Stranger things: What costs the most, and least, on the dark web
Paintings, passwords, passports; guides on how to text women, or get free pizza. See what’s making news and setting records on the virtual black market.
Passports are among the most expensive items on the dark web. Not the Indian passport, though. One can buy a counterfeit blue booklet for the equivalent of a few hundred rupees. Stolen payment card data is much in demand. Narcotics, malware, weapons and personal data are also fast-moving. So are guidebooks on how to text women. Take a look.
The most expensive
In 2017, two rare paintings by 19th-century New Zealand artist Gottfried Lindauer (famous for his portraits of the Maori people) were stolen from that country’s International Art Centre gallery. By November that year, an advertisement for one of the paintings showed up on the dark web for £500,000 (about ₹5 crore).
No transaction was conducted and it’s still unclear whether the advertiser was in possession of the art works. Meanwhile, last December, the New Zealand police recovered both canvases; no arrests have been made.
Further down on the scale of exorbitance and rarity is the fake passport. These cost an average of $600 ( ₹50,000) each, according to a 2022 report released by cybersecurity services company NordVPN. Czech, Slovakian and Lithuanian passports are the most expensive, costing as much as $3,800 ( ₹3.14 lakh) each, while Indian passports are among the cheapest, costing just $10 ( ₹820).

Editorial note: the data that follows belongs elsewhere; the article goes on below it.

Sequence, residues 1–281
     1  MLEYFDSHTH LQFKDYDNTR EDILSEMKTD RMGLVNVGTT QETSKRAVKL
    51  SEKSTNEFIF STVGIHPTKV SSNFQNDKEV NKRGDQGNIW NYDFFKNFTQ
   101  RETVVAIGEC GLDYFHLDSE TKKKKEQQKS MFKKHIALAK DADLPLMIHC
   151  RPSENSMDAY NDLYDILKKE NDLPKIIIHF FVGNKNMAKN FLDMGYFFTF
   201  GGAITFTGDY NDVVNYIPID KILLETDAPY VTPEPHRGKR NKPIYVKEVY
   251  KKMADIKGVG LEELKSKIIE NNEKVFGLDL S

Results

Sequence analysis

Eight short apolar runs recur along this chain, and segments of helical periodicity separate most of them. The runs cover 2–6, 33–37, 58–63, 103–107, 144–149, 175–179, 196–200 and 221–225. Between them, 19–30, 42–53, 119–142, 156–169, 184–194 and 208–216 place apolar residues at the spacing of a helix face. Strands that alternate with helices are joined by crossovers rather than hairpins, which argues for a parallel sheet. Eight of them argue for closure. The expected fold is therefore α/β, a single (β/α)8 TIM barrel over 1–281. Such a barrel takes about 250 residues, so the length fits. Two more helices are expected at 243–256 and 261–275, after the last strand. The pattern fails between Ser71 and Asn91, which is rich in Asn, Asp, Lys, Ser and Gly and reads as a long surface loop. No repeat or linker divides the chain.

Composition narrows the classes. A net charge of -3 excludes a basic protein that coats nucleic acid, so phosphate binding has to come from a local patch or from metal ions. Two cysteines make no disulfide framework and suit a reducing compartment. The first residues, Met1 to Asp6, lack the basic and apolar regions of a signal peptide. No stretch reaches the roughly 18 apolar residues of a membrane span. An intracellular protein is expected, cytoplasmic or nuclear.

Prices are determined, the report said, by factors such as demand, challenges associated with faking the document, and the rules and laws relating to such fraud.
Bank account details are fairly expensive too, with prices ranging from $3,763 ( ₹3.11 lakh) for a single account in certain European banks to, at the lower end, about $10 for details of accounts at certain others in West Asia.
Most commonly listed
It takes hackers as little as six seconds to brute-force (guess the numbers on) a payment card, according to a previous study by NordVPN. This makes payment-card data widely available, but inexpensive, on the dark web. Account information for streaming services and e-commerce platforms is widely available too.
Piracy devices that allow users to access streaming platforms and real-time broadcasts free are widely available too, but these also put the user at risk of hacking, because the apps are often preloaded with malware.
Most of the paid content piracy occurs not on the dark net but the clear net. BitTorrent may sound like a Tor website, but it’s a .com url. It uses decentralised peer-to-peer sharing systems, with the caveat that users can face legal action in a crackdown by enforcement agencies.
Why is this here?
Many items on the dark net are not illegal but potentially embarrassing.
There are e-books with titles such as How to Get Free Pizza in the UK, and The Ultimate Guide to Texting Girls. There are tutorials on how to set up one’s computer.
One can buy social media followers on the dark web too, at $2 (about ₹165) for 100 fake friends. And, for the really lonely, looking for a deeper connection, listings such as by user HappyBirthday2U offers a listening ear at $40 ( ₹3,300) per session.
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- Ht Wknd